Han Sae-byeol (Male/ 25/ Student)
When I first heard about MERS, I did not care much about it. I thought it was a kind of flu that is a little bit more serious than the common cold. But it became the biggest catastrophe of South Korea nowadays. It was so fast, almost less than one month that MERS spread through the whole country. Then I realized it was a very serious matter that I needed to care and worry about.
Of course, it was my carelessness that made me so dull to the most dangerous problem. But it was not only me who underestimated the problem of MERS. The South Korean government, including President Park, has been telling people to let the situation settle itself and calm down, saying it is no big deal at a time when people who got the virus were dying from it. Even if it is only deadly to old and weak people, it is still a huge threat to social immunity.
Without people having a healthy social immune system, the disease can easily spread through the population, and eventually to the people who are vulnerable to the disease, like the elderly and babies. Unlike the time we prevented SARS from spreading, we missed the golden time and opportunity to prevent the disease from spreading.
I do not know how to manage this problem, but I know the government is responsible for this chaos, and they have to solve this problem to keep people safe from the disease, not thinking about tourism and money so much.
Kim Eun-Jeong (Female/ 32/ Nutritionist)
One of my friends is a nurse working at a hospital in Boseong, where South Jeolla’s first MERS patient was confirmed. Fortunately, the patient fully recovered and people who were directly or indirectly in contact showed no symptoms and could be removed from isolation. Thank goodness.
I think highly of my friend’s efforts and commitment, as well as those of her colleagues. I wanted to hear how things happened in Boseong, but she was really afraid of leaking information and did not say much. However, she carefully pointed out a few mistakes that the government has made.
They were too reluctant to disclose specific information to the public in the dilemma between personal information protection and public interest. And their earliest responses to MERS were improper, in that they easily concluded the transmission paths of MERS would be similar to those in the Middle East.
No one can predict how the new epidemic would spread. The health authorities might have followed the existing instructions because of restricted financial resources. However, when it comes to preemptive measures, health authorities always have to think of the worst case scenarios.
Lee Ji-yeon (Female/ 27/ Middle School Teacher)
I do not know whether MERS is a critical disease or not. As far as I know no one around me was infected by MERS, which is very fortunate. The local government did their job very well. Thanks to them, I could go about my daily routine.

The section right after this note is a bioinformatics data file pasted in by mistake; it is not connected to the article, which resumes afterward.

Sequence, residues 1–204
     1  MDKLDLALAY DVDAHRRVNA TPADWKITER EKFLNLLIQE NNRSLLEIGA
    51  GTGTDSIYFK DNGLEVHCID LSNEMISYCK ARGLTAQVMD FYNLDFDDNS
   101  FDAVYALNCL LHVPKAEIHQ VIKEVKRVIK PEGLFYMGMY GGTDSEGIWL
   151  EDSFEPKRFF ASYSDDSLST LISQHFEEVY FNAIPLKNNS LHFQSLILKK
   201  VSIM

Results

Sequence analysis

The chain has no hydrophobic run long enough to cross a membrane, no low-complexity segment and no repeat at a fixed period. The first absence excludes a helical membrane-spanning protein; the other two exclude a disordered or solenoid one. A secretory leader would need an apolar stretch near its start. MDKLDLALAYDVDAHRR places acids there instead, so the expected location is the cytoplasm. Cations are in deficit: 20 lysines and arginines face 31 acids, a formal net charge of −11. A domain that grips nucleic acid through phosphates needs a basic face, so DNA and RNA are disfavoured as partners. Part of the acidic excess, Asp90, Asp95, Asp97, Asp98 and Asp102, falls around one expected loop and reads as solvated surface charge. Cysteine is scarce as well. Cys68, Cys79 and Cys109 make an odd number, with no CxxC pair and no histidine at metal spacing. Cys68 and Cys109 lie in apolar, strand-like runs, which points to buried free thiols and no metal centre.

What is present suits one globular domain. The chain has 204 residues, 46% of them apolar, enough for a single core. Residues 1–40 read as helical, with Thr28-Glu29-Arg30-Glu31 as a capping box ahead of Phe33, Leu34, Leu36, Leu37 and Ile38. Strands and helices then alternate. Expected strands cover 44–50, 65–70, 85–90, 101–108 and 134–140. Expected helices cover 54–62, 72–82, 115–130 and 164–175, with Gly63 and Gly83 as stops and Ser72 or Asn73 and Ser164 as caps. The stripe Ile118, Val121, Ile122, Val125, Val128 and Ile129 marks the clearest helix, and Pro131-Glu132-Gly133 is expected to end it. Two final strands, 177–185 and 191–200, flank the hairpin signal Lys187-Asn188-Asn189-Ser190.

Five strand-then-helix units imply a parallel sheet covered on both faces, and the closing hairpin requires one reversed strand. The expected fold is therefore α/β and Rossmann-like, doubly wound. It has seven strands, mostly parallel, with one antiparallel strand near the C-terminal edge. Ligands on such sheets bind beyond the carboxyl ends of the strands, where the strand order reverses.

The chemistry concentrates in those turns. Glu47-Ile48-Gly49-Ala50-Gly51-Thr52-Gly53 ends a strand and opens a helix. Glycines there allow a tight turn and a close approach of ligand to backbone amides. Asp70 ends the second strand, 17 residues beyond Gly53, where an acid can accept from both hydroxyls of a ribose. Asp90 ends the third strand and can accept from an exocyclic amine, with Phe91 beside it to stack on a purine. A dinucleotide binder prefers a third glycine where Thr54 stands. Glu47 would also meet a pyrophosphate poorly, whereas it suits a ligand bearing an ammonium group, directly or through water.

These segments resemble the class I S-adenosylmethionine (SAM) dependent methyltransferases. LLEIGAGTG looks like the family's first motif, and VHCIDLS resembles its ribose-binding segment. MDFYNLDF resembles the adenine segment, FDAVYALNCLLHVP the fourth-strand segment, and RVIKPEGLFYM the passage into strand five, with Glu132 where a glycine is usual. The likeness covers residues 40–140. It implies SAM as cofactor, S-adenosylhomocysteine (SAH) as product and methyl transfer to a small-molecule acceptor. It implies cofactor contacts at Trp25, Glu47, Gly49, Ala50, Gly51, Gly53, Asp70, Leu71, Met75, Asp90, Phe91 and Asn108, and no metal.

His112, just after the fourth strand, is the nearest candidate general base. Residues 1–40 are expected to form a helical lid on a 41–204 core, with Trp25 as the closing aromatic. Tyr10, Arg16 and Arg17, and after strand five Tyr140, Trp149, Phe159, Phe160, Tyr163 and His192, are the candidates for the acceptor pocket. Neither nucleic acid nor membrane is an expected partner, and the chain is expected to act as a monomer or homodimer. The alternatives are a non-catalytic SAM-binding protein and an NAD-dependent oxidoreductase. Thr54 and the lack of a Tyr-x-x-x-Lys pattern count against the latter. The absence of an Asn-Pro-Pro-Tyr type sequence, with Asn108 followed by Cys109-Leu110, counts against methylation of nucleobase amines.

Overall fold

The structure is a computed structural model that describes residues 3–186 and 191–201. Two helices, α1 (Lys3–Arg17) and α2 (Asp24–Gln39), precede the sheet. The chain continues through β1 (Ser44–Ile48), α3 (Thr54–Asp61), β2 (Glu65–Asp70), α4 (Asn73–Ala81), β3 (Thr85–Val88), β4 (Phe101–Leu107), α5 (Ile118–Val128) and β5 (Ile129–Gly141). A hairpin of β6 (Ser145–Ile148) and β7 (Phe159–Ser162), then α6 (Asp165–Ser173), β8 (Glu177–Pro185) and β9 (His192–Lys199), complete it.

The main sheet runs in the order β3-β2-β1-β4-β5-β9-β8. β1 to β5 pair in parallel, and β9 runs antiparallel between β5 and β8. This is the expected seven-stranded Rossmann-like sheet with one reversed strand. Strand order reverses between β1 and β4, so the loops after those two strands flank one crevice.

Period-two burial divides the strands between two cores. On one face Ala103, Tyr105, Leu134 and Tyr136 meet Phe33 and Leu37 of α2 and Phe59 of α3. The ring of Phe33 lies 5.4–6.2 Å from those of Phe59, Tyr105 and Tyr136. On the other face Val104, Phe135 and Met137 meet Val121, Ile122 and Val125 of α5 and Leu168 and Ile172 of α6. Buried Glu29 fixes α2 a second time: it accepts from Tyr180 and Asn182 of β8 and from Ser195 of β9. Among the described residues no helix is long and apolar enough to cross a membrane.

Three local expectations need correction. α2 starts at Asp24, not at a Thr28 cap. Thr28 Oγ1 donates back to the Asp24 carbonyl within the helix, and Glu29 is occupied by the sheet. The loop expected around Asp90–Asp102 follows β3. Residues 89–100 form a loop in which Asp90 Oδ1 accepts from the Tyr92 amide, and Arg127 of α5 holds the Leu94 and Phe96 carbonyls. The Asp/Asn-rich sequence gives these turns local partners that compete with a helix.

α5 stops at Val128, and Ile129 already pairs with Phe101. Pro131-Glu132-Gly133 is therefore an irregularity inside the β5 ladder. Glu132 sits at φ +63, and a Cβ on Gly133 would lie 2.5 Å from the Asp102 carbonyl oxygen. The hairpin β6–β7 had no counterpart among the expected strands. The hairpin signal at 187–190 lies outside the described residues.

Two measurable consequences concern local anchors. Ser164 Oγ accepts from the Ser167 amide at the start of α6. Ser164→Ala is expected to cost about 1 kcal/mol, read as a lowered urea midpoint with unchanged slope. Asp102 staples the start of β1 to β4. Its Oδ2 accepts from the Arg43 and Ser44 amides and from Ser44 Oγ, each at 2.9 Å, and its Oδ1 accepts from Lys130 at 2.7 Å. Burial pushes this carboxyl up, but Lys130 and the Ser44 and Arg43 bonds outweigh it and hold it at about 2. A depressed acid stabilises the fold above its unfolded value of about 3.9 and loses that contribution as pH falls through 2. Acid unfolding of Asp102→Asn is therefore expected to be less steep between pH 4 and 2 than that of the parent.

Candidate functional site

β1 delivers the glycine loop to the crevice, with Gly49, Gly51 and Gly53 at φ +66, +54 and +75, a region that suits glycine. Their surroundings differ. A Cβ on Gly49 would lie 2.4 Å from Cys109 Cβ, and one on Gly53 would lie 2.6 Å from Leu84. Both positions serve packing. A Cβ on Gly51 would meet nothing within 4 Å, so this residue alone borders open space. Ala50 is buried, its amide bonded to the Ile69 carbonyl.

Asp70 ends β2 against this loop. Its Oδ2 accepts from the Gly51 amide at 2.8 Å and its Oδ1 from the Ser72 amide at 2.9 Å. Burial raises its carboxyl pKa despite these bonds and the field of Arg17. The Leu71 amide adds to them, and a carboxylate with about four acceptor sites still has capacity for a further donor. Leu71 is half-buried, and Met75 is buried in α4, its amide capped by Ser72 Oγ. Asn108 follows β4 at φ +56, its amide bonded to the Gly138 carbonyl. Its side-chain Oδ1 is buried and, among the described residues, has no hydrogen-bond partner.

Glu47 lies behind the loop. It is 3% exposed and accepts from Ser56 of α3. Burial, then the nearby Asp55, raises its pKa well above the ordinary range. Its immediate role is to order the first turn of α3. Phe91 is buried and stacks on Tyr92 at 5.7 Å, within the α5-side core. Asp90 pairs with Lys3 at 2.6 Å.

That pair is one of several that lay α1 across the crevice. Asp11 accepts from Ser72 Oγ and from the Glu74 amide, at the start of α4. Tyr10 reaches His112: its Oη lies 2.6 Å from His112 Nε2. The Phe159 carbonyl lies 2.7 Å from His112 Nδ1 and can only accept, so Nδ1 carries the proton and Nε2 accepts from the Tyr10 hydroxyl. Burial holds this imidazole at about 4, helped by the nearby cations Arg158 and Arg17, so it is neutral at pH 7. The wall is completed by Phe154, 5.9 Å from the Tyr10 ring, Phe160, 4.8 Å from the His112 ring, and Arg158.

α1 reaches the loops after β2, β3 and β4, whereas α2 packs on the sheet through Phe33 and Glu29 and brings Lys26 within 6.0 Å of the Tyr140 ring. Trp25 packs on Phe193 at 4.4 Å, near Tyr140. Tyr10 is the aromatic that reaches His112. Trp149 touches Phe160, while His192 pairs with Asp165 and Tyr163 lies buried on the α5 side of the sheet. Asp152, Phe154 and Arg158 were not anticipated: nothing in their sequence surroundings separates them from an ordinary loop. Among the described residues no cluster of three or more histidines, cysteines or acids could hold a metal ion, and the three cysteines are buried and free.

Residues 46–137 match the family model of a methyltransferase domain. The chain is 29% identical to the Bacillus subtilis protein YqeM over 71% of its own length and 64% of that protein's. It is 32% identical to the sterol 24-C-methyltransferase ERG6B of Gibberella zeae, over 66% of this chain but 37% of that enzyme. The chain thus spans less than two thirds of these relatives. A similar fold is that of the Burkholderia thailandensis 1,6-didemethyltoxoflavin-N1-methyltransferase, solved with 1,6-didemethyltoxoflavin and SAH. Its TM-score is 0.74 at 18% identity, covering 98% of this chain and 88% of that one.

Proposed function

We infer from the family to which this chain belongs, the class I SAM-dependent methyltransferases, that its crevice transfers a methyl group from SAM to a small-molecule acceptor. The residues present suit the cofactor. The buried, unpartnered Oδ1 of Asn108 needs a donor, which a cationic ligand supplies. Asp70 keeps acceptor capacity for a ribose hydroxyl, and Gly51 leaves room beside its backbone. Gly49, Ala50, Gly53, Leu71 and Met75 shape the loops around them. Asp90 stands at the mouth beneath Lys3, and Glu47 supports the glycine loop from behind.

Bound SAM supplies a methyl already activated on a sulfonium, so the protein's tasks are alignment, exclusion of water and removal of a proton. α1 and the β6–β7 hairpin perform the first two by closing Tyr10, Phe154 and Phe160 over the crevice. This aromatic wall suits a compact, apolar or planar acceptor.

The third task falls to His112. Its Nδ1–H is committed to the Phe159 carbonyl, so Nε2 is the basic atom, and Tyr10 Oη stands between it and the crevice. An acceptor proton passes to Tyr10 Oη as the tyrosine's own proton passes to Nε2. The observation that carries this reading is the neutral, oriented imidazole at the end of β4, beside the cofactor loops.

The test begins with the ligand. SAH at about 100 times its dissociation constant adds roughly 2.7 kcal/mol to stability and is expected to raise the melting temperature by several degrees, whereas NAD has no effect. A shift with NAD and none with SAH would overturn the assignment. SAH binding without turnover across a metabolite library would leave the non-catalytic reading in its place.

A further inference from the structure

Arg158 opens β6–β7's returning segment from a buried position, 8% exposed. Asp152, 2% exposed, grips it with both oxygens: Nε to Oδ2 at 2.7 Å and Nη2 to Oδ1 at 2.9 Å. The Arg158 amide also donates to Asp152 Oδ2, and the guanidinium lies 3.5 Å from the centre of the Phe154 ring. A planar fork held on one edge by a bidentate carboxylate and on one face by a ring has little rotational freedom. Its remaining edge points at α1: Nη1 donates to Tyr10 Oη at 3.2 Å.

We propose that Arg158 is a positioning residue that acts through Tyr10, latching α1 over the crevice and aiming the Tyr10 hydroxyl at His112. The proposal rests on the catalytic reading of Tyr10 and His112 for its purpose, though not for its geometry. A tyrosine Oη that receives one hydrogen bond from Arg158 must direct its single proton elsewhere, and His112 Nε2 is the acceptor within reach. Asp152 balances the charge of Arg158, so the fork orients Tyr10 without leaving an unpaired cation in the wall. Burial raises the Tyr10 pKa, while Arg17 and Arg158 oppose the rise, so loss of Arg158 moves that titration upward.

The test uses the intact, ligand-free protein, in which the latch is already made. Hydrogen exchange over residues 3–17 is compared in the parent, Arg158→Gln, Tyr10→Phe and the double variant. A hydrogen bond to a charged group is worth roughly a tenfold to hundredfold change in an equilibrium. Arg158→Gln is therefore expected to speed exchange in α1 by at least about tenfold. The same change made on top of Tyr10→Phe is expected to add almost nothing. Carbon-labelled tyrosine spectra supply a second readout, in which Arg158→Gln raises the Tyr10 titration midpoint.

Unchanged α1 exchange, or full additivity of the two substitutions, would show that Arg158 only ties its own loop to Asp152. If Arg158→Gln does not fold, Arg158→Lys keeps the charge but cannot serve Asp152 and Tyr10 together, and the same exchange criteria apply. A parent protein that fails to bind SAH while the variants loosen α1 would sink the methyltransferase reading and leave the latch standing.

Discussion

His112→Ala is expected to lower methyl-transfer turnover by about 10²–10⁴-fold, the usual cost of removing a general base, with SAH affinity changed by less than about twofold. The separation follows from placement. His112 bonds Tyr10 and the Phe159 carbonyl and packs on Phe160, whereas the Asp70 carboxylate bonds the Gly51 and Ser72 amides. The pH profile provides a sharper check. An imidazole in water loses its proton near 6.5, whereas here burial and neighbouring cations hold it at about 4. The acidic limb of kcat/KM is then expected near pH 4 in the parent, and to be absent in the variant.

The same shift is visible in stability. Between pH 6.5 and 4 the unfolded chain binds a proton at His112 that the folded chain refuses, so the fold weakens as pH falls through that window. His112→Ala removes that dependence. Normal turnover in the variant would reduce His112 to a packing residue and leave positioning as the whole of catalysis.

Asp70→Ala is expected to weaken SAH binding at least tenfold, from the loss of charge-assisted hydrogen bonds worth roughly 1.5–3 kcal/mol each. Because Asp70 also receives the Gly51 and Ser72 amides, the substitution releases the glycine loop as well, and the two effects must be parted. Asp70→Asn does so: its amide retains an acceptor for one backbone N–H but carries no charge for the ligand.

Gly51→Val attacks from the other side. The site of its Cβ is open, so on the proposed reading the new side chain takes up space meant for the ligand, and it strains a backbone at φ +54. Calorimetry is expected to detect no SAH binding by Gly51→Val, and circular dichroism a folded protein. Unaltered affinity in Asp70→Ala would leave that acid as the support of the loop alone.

But I cannot deny that the disease has strongly influenced Korean society and economics in undesirable ways. After the outbreak of MERS, people lost faith in the [federal] government. They saw how the government acted when faced with a crisis.
The government tried to hide information, which only promoted the spreading of rumors. They boasted their achievements over broadcasting systems, even before taking any proper actions, and they even blamed a few citizens for their lack of sensibility, who turned out to be innocent.
The whole situation worried people so much that they avoided social activities, and it hurt the Korean economy so deeply. As fears over MERS escalated, the number of customers visiting tourist attractions, shopping centers and other local retailers sharply decreased.
The government’s inept response to MERS also had a negative impact on households. Even my father lost his job due to the financial damages the outbreak of MERS has caused. Even though my brother and I are working, our family still needs his financial support, because my youngest sister just entered university this year.
It is difficult for a middle-aged man like my father to go through this situation, because companies are reluctant to employ older men. The government should have known how their response would affect families. I wish they could have realized what they have done to my father and his company, in order to not make the same mistakes again.
Lee Da-eun (Female/ 22/ Student)
More than 30 people have died because of MERS. It is a big problem because it impacts the nation’s economy and image. The number of tourists visiting Korea has been falling. So, I think MERS is a fatal contagious disease, like the Black Death.
The initial reaction was not good. The Korean government did not inform the public about hospitals that were the route of infection. I cannot understand the government’s attitude. However, closing schools for some time was great.
Still, the health authorities revealed a big hole in MERS handling, so the Korean government must increase presidential trustworthy from now on.